Bauerkeller’s New Embossed Plan of London 1842

Is this London’s first 3D map? The vivid and historic map of London in 1842, coloured by district, has one unusual feature – it’s embossed. The photos here (taken of the copy in The Map House dealership in Knightsbridge) are from the framed copy that hangs in The Map House and the directional lighting from […]

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Stickcrowd modelling

Commuting by train (if you’re lucky enough to get a seat) offers all sorts of opportunities for frivolous coding adventures (code-mmuting?). Having watched Andy Hudson-Smith’s review of Softimage crowd simulation.. … I decided to see how quick it would be (2 hours) to do something similar with stickmen, and at the same time develop a […]

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A Semester with OpenSim

Over the last few months I have been teaching a class in the Department of Computational Social Science entitled “Building Virtual Worlds” where we surveyed the role of virtual worlds for social science research. The emphasis of the class was on tools, software frameworks, and applications of virtual worlds.  On the applications side we discussed how virtual worlds are being used for History, Archeology, Healthcare, Tourism, Urban Modeling, Architecture, Agent-based Modeling along with more generally teaching and learning. We explored a variety of tools for building virtual worlds before focusing on OpenSim. The movie below shows some of the final outputs using OpenSim.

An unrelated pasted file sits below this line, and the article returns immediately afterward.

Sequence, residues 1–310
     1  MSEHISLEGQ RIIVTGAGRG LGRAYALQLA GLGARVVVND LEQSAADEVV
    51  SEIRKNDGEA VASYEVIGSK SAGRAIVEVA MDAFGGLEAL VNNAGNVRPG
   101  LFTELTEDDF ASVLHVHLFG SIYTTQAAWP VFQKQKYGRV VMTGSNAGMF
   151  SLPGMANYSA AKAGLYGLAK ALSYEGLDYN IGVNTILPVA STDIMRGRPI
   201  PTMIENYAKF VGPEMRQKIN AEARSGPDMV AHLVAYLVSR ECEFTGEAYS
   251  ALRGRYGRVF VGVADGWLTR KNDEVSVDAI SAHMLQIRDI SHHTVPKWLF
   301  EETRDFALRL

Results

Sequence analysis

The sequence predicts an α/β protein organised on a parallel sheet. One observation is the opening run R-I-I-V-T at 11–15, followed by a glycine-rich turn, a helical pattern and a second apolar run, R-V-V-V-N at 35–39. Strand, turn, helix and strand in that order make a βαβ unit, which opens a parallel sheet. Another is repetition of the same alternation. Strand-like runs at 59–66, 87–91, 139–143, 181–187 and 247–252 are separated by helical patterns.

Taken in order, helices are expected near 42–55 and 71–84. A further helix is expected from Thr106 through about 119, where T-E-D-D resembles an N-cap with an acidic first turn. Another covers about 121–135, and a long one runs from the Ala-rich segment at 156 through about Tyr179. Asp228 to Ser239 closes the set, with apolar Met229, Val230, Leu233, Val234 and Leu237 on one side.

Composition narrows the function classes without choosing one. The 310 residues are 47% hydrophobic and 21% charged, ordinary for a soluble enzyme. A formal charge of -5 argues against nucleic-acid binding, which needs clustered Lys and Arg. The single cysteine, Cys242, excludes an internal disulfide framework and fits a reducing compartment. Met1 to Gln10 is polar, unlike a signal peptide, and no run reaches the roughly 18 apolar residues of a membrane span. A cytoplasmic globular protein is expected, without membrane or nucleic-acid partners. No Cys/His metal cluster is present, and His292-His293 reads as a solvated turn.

We used OpenSim 0.7.3, configured with the Standalone-Hypergrid mode and a SQLite database hosted on a Windows 7 server. The server simultaneously simulated 64 different regions, and at various points during the semester the server hosted well over 15000 primitives (prims) and ran hundreds of scripts across this landscape; one region alone hosted over 8000 prims. 
Why so many regions? We were interested in how many the server could cope with but also we wanted to have a virtual world representing the whole of the GMU Fairfax campus  (~4km2) and regions in OpenSim are limited to 256m by 256m. We built the terrain for the campus utilizing the National Elevation Dataset (NED) DEM from the United States Geological Survey which was first manipulated in ArcGIS before being processed in  L3DT (Large 3D Terrain Generator). Finally, the DEM was imported into OpenSim. The movie below should give a sense of what the basic terrain looks like.